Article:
When you leave your job, either voluntary or not, you have to make an important decision regarding your 401(k). Many aren't familiar with all their options on what they can do with their 401(k), but making the wrong choice could cost you. Most people are familiar with the 401(k) rollover concept but still need some help through the process. Here are your options if you are faced with this decision.
Cashing out is not the Best Option
What money you put it in yourself, you can cash out and take it with you. If your employer has a match, you maybe subject to some sort of vesting schedule. Many people choose to cash out their 401k's. The most common reasoning I here, especially for 401k plans that have matching, is that it’s “The company’s money” not “theirs“. Wow! Isn’t that great reasoning?
By taking “The company’s money”, now that person is stuck with a 10% early withdrawal penalty plus ordinary income tax. Typically, when you cash directly from your 401k they will hold 20% standard plus the 10% early withdrawal penalty.
If you really need money, you could consider borrowing from your 401(k). The problem here is that most companies want the loan balance paid off when you leave – whether you leave work by choice or not.
Leave your 401k alone.
You always have the option to just leave the money with your old plan. The money will remain invested, and the financial firm handling your 401(k) will keep mailing you quarterly statements telling you how it is doing. Any future growth will be tax-deferred.
But this passive choice comes with an opportunity cost. If you just leave the 401(k) assets in the plan, you’re giving up control and flexibility. Your investment choices may be limited, the plan fees may be high, and you may not be able to quickly access your money or do what you want with it. If you have a trail of old 401(k)s left with a bunch of former employers, things can get really complicated when you retire – especially when you have to take Required Minimum Distributions (RMDs). Leaving the money in the plan may not be the wisest choice.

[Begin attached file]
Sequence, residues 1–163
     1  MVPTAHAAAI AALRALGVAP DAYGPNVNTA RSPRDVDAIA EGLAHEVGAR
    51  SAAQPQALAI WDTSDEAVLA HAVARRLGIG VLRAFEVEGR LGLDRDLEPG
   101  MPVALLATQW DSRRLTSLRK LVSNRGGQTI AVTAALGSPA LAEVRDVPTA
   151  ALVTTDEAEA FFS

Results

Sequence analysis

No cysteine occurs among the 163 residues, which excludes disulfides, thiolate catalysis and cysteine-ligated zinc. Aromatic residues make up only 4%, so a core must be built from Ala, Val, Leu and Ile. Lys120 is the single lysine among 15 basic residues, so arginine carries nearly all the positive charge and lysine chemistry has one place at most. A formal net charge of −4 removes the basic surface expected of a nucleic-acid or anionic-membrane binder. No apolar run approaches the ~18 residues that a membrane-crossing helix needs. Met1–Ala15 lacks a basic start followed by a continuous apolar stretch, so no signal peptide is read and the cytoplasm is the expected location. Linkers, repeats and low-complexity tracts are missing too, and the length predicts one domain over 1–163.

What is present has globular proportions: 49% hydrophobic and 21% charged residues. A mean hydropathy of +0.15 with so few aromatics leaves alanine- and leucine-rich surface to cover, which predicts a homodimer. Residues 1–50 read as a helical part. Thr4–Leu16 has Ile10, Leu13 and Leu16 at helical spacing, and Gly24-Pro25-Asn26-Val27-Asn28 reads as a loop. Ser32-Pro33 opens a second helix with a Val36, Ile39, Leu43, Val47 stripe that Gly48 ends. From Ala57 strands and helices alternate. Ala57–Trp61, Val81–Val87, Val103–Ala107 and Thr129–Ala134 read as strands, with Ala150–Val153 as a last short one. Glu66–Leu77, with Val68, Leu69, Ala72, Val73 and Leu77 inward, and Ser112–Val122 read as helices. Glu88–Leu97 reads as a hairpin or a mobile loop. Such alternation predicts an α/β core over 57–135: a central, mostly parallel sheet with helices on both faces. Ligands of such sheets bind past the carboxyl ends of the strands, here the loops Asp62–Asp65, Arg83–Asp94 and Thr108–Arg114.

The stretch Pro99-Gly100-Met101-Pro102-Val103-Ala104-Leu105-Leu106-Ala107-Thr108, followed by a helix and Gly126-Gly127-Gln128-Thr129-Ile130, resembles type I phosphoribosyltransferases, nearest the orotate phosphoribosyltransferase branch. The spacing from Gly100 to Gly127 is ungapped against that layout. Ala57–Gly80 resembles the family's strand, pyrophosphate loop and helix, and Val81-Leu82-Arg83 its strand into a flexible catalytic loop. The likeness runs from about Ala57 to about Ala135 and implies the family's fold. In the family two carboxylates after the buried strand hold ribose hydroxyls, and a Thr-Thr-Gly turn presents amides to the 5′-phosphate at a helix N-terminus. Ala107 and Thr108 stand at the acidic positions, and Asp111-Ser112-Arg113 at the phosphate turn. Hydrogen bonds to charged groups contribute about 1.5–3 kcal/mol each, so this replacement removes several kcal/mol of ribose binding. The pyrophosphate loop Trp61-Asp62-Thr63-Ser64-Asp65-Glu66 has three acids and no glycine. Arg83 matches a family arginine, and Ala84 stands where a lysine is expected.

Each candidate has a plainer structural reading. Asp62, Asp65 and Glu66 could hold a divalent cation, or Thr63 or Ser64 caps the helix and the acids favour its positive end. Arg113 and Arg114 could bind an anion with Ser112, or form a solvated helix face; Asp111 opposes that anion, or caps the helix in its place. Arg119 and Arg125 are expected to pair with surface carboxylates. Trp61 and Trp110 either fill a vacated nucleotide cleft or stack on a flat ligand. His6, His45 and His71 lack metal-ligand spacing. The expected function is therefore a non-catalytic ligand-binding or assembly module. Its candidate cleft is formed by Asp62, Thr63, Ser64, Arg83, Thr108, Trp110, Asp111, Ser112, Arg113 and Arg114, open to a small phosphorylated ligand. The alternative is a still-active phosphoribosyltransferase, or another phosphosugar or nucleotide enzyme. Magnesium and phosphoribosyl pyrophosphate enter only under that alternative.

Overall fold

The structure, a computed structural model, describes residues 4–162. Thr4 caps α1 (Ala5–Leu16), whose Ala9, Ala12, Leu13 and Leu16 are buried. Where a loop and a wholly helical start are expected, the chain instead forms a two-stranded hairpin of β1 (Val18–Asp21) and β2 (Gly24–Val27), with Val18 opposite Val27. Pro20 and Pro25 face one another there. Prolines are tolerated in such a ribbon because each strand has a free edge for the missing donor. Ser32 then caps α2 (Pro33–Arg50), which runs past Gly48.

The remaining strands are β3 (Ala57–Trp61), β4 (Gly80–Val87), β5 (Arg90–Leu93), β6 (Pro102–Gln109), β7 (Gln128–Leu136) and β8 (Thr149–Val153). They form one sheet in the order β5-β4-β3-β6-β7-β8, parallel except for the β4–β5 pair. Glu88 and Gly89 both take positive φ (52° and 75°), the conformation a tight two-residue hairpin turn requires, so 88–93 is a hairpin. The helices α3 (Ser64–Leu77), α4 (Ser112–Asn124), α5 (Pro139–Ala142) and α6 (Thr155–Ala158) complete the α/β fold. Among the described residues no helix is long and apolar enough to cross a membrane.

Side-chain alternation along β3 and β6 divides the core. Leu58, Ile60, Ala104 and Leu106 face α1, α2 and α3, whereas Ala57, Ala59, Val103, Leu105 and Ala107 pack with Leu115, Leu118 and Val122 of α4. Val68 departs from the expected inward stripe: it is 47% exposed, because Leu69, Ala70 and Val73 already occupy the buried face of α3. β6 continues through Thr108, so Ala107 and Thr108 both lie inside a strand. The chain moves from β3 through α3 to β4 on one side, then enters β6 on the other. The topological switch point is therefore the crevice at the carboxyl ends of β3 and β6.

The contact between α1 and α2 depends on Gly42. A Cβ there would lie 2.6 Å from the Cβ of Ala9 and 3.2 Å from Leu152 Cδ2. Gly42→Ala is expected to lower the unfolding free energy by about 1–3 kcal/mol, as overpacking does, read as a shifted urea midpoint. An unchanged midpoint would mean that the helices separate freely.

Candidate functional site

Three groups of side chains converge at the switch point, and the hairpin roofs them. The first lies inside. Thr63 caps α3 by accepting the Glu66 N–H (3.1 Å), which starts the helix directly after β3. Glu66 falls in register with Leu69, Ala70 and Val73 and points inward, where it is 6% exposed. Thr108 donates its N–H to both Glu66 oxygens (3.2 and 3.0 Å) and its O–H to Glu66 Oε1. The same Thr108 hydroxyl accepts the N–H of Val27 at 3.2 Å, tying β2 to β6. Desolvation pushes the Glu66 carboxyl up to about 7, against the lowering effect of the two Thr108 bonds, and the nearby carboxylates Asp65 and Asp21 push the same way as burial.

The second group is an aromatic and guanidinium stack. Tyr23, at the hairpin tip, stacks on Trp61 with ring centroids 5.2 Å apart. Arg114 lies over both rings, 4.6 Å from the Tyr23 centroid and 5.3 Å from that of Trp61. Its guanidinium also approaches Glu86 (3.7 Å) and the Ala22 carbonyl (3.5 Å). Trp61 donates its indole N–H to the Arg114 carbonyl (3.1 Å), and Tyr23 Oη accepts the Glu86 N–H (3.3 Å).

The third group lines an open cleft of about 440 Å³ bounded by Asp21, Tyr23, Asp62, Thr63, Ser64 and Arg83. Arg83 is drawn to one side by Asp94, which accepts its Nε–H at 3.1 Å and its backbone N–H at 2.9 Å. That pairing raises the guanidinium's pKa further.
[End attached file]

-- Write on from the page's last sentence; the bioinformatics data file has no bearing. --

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Transfer the 401k to a New Employer
Most people have the option to transfer there old 401k into their new 401k with the new employer. In the past, this used to be more difficult, but with recent government regulation changes, it’s much more easy. While this could be a good decision, a lot depends on the new options that are in the new 401k.
You could roll your 401k into an IRA
This is the choice that usually makes the most sense. You can move the money into an IRA through a rollover or trustee-to-trustee transfer. Or, you could direct the money into a so-called “conduit IRA,” a traditional IRA created to hold your old 401(k) assets until you move the money into another qualified retirement plan.
There’s no tax penalty when you do an IRA rollover or trustee-to-trustee transfer. After you do it, you have total control of the money, continued tax-deferred growth, expanded investment choices, and possibly lower account management fees.
Rolling over the money into a Roth IRA might be a great move, provided you can meet two conditions. First, your adjusted gross income has to be less than $100,000 for the year in which you make the rollover. Second, you’ll have to pay taxes on the assets you convert. The upside is considerable: you get tax-free compounding, tax-free withdrawals if you are older than age 59½ and have owned your account for at least five years, and the potential to make contributions to your IRA after age 70½ without having to take RMDs. Contributions to a Roth IRA are not tax-deductible, but there are fewer restrictions on withdrawals.
In 2009, you can fund a Roth IRA with after-tax contributions to a 401(k), 403(b) or 457 retirement savings plan – you can take those contributions and convert them to a Roth IRA tax-free, provided your AGI is $100,000 or lower. There is no limit on the conversion amount. Incidentally, in 2010, anyone can convert a traditional IRA to a Roth IRA – the AGI restriction on such conversions disappears.
What if you have to shiver through a 401(k) freeze?
A “freeze” is when your employer reduces or suspends matching contributions to your retirement plan. FedEx, General Motors and Motorola have all recently chosen to do this. The answer: don’t let up on your personal contributions. If you can manage it, adjust your 401(k) contribution to a level where you effectively replace what your employer contributed. Saving for retirement should remain one of your highest priorities.
If you still need help with your 401(k) rollver, be sure to seek counsel from a Certified Financial Planner™ professional.